[BLU-RAY REVIEW] LARRY COHEN’S FULL MOON HIGH (1981)

 

 

The service provided by home entertainment distribution companies like Arrow, Scream Factory, Vinegar Syndrome and Kino — to give new life to long forgotten and obscure old movies damned to the sands of time after going out of print, if they ever got an actual home video release to begin with — is a double-edged sword. For every genuinely deserving diamond in the rough that gets rediscovered (a la Arrow’s recent revelation of SCALPEL), there’s another release that was justifiably obscure. Even when they are made by a major director.

 

Which brings us to Larry Cohen’s long — and very deservedly — forgotten 1981 horror parody FULL MOON HIGH.  Made at his peak — when the idiosyncratic auteur was in the midst of making genuine classics, cult and otherwise, like IT’S ALIVE, GOD TOLD ME TO, Q: THE WINGED SERPENT and THE STUFF — it’s Cohen’s takeoff on the werewolf genre, filtered through his inimitably eccentric style. Except almost none of it works. It’s possibly one of the otherwise brilliant filmmaker’s worst efforts.

 

The film is a parody of the old ‘50s teen lycanthrope flick I WAS A TEENAGE WEREWOLF, but it’s proximity almost makes it more of a proto-TEEN WOLF. While forced to spend a week in Romania with his spy father (Ed McMahon — yes, that Ed McMahon), handsome and popular high school quarterback Tony Walker (Adam Arkin) is told by a fortune teller that he has the curse of the pentagram — and, sure, enough, as he’s wandering alone in the countryside on the night of a full moon, he’s attacked and ravaged by a barely glimpsed werewolf. Returning home, he tries to keep his new identity secret from his father, overzealous girlfriend (Roz Kelly) and teammates. When it becomes too much to bear, he quits school and runs away, drifting through the country for two decades, returning home — still as youthful as ever — to find his old high school in crime-riddled disrepair, and determined to win the big game, thinking it’ll reverse his predicament once and for all.

 

 

FULL MOON HIGH is one of the only straight comedies on Cohen’s resume, and he shows no faculty for the genre at all. Which is strange, because humor has been part and parcel of Cohen’s style, well integrated into his horror, thriller and blaxploitation pictures. But taking on a film that’s meant to be all humor, all the time, Cohen lands with a thud. Maybe it’s the fact that the comedy in a regular Cohen joint grows organically from the characters and situations, whereas FULL MOON HIGH is meant to be a strenuously wacky goof-a-minute parody, with absurdist jokes flung at the wall like spaghetti, seeing what sticks. Very little of it does.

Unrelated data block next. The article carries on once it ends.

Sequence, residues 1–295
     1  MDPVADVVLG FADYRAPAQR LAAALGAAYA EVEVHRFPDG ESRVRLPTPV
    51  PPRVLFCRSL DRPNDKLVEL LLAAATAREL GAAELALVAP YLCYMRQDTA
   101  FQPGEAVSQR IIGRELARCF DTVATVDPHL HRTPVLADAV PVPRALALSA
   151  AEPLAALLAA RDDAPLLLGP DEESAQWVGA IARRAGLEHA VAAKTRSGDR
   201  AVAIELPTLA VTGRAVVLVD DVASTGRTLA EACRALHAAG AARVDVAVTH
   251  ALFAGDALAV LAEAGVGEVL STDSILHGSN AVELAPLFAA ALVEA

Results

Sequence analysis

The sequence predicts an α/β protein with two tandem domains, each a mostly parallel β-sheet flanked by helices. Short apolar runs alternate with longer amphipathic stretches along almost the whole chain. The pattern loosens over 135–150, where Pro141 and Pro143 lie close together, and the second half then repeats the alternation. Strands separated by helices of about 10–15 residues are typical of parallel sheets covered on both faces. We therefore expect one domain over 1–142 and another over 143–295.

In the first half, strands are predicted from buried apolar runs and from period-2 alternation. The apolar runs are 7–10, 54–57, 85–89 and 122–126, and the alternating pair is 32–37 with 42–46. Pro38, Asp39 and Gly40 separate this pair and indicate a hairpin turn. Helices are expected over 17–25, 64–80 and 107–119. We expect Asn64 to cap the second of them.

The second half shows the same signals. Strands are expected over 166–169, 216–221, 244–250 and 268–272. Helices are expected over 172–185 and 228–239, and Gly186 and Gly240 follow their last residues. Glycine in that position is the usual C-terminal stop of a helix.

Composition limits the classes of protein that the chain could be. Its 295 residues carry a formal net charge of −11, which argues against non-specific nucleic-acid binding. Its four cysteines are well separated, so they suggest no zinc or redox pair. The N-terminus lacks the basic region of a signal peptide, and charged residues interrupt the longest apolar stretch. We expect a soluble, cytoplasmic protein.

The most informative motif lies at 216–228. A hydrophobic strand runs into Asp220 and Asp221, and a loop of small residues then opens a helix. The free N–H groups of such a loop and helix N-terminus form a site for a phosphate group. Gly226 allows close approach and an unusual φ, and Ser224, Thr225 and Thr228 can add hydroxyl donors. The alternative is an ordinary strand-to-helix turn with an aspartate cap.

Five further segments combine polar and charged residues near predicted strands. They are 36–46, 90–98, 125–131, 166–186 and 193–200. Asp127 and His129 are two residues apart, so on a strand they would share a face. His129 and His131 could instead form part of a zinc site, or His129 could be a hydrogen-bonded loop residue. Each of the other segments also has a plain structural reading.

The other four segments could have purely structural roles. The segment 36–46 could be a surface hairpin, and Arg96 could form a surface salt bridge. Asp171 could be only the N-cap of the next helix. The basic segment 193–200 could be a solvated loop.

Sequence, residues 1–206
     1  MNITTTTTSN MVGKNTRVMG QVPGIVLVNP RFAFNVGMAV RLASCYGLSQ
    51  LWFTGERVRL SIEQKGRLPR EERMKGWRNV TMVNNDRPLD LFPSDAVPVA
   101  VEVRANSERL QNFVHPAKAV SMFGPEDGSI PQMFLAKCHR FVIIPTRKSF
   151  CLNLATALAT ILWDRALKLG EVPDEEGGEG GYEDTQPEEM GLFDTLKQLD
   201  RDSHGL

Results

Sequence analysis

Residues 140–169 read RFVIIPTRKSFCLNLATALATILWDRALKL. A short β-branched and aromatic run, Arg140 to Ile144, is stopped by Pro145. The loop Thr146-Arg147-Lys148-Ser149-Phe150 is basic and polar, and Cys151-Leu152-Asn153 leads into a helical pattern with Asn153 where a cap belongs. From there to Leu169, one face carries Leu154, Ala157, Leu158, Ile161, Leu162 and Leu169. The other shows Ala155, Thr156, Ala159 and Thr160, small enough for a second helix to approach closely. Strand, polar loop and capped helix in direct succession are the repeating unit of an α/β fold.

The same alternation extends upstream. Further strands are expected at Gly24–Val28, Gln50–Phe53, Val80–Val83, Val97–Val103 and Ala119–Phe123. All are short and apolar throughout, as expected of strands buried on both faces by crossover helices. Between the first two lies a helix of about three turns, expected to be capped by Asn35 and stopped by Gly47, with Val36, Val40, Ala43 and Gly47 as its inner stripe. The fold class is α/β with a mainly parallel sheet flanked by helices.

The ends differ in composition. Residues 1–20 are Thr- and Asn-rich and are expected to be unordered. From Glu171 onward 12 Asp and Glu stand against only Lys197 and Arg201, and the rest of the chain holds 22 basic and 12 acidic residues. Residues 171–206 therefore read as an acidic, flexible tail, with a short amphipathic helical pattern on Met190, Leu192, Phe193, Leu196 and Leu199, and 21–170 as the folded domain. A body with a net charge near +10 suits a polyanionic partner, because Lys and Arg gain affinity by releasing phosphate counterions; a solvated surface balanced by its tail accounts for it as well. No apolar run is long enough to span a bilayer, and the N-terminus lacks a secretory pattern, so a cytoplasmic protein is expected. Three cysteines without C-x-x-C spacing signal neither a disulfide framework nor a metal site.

The sheer fail rate of the jokes makes the movie an absolute chore to sit through, but being unfunny is not the only problem here. The movie is downright offensive. It’s Problematic with a  capital-P bad, and while I’m willing to give older movies some slack for ugly attitudes due to it being a different time and all, this goes beyond the pale even for its era. FULL MOON HIGH is incredibly racist, sexist, and homophobic, and hits its lows with several extended sexual assault jokes. No. Really. Sexual assault jokes. The words “sexual assault” are even used verbatim. There’s a mincing gay caricature of a  coach who struts naked into the boy’s locker room and is called “Coach Grab-Ass,” who later discusses the multitude of assaults a fragile new teacher endured at every single school she’s taught at… including the elementary school. Ho ho.

There’s an AIRPLANE-esque rat-a-tat quality to FULL MOON HIGH, and had the movie instead aimed for the character-etched humor of Cohen’s other output, rather than quantity-over-quality excess, it may have worked. But it all falls far too flat, which just makes the offensive jokes feel less subversive than just plain mean, and the inoffensive ones feel stale and dated. The film isn’t all bad, however. Adam Arkin, in one of his first major roles, shows an easy-going hangdog charm as Tony, keeping the film compulsively watchable despite the fact is simultaneously a chore to sit through. Arkin kinda looks like a burlier David Naughton, here, but sounds like David Schwimmer, and his deadpan, wryly put-upon junior-Borscht Belt demeanor makes the character more compelling than making him a bland, hunky teen-heartthrob type. But the best scenes — the only legitimately funny scenes — are stolen by his father, Alan Arkin, in a late-coming smallish role as a wisecracking psychiatrist trying to tame Tony’s inner beast. It’s only when the senior Arkin appears on screen that the film comes alive as only a Cohen film can. Until then, this film is for the dogs.

 

(The Blu-Ray contains a trailer and commentary with Cohen, but I can’t even bring myself to sit through this again to listen to it. FULL MOON HIGH is really for completists only.)

 

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